Why is a cockroach harder to kill than a zombie?

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Even the worst zombie movies are clear on one point: a zombie dies when you destroy its head. But a cockroach can live for weeks without its head. How is that possible?

Cockroaches are hardy beasts. They live through urbanization. They live through nuclear war. And it seems they even live through being decapitated. What makes them tougher than zombies, the toughest monsters ever created in movies? Let's start with decapitation.

One of the reasons why decapitation is pretty much always a career-ending injury in humans is the sheer loss of fluids involved. You can't take off someone's head without hacking through some very necessary arteries. The blood loss alone will kill a person. A cockroach doesn't have it so hard. Their equivalent of blood doesn't flow through high-pressure arteries. It seems through their body, and so they don't pump out all their blood and die quickly. They have enough time to seal off the wounds. They also don't breathe through the head and their blood doesn't circulate oxygen.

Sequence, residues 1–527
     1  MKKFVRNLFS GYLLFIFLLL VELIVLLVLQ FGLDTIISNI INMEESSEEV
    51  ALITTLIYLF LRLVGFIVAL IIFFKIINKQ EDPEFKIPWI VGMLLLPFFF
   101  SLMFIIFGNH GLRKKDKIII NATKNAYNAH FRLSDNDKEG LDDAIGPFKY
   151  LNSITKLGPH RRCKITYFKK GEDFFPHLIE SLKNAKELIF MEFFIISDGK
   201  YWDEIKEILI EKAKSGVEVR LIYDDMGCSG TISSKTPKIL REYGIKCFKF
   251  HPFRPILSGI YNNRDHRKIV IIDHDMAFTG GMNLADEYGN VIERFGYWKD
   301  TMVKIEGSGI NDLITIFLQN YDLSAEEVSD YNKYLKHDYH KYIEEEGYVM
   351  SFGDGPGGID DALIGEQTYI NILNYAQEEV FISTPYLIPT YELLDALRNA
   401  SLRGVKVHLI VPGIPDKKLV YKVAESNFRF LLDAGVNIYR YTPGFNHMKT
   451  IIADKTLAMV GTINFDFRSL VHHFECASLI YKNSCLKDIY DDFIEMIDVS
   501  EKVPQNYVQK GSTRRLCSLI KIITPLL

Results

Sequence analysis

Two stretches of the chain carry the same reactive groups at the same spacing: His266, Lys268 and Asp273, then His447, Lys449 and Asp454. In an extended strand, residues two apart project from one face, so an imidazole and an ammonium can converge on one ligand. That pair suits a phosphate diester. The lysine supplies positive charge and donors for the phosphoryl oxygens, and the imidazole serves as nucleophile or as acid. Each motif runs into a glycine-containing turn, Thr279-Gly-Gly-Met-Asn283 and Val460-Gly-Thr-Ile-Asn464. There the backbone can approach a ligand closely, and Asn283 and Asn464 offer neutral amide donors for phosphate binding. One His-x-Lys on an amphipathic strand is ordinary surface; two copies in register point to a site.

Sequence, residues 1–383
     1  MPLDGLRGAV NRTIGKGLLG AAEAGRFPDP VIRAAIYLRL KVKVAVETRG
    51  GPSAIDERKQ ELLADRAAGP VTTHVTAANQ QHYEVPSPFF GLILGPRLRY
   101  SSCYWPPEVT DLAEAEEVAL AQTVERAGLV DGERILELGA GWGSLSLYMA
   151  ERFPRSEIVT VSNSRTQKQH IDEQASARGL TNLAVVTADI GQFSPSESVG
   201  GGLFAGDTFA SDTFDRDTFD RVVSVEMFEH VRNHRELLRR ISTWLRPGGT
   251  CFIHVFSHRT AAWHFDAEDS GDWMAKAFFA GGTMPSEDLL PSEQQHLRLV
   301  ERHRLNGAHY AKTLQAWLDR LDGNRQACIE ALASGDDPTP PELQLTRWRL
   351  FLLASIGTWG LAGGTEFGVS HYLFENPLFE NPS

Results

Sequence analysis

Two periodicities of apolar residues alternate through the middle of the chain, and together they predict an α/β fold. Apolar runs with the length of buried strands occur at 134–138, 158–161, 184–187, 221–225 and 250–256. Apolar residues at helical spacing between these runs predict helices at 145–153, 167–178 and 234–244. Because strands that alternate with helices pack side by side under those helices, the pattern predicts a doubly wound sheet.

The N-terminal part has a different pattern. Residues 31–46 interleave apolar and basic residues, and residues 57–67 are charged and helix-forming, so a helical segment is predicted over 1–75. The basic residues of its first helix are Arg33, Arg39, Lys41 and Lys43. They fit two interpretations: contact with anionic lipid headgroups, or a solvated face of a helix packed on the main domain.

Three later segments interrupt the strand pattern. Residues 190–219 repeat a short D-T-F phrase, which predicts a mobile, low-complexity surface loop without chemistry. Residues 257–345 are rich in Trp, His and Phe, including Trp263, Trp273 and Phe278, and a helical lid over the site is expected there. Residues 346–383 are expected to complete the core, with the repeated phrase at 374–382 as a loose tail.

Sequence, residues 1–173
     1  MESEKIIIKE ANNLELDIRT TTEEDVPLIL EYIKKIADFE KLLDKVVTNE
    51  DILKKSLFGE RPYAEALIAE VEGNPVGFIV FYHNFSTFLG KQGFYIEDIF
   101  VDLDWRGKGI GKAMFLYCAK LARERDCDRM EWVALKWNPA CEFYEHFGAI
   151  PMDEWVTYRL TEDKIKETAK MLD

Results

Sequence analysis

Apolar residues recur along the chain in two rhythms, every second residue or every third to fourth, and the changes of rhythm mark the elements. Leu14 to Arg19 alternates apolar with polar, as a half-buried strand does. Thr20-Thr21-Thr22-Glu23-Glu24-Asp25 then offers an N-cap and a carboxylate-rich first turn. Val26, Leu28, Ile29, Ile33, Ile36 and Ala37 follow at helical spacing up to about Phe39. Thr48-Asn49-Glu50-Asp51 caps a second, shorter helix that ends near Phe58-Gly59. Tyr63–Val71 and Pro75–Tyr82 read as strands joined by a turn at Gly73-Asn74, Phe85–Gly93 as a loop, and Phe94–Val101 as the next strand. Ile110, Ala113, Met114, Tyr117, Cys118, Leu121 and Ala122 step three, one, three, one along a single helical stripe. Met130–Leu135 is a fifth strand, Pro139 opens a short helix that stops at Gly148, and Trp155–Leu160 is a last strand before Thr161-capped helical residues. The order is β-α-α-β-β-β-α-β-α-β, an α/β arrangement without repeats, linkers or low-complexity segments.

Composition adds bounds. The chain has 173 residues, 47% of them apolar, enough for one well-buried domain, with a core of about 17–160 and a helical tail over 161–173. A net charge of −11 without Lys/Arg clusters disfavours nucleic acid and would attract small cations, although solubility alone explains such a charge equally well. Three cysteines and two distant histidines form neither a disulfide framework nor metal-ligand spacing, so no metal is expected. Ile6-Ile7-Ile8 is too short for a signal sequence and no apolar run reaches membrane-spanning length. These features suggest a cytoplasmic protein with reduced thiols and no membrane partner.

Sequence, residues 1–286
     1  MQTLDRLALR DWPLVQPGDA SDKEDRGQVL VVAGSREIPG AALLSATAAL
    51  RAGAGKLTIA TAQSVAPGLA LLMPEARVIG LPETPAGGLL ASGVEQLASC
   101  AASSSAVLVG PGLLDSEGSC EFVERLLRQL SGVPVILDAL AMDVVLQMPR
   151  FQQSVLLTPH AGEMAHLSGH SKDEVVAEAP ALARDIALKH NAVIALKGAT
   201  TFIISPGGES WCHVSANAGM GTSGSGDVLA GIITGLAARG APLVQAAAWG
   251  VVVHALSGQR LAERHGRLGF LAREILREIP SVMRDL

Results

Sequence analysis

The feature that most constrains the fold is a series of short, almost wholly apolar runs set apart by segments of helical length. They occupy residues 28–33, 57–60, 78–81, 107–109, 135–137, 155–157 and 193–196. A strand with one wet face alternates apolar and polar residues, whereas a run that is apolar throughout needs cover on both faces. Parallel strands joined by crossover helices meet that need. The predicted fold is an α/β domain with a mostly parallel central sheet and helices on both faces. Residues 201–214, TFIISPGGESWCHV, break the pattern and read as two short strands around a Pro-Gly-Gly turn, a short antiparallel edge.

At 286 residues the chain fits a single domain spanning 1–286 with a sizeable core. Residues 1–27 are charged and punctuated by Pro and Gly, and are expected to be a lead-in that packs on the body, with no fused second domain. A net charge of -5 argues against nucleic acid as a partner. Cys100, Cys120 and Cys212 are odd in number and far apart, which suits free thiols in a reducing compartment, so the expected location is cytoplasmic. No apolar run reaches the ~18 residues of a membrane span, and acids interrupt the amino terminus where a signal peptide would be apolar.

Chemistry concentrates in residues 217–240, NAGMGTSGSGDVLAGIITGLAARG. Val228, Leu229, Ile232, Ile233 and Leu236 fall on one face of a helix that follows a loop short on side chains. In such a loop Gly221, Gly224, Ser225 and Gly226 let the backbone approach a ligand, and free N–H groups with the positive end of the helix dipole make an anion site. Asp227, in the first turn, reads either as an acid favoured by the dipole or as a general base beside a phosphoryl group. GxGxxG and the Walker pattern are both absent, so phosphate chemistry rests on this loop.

But of course a zombie doesn't care about that. Why do cockroaches survive when humans drop without their brains? Because cockroaches carry spare brains for just such an emergency. They have ganglia, masses of nerve cells, throughout their body, which allow them to move, stand, and react to touch for weeks after their heads are gone. It's only starvation, dehydration, or infection that kills them. Humans, for all of their advances, have only the one brain. Dummies.


Yes, scientists have determined that cockroaches can live without heads. They also found that heads can live without cockroaches. When scientists decapitated the roaches, they noticed that the heads lived for hours. Because scientists are sick, they noticed that refrigerated heads that were given nutrient solutions lasted even longer.

Will crossing roaches with zombies finally be the thing that wipes us out? Or will it just make a great Syfy movie? You be the judge.


Top Image: Cyron Ray Macey

Via Scientific American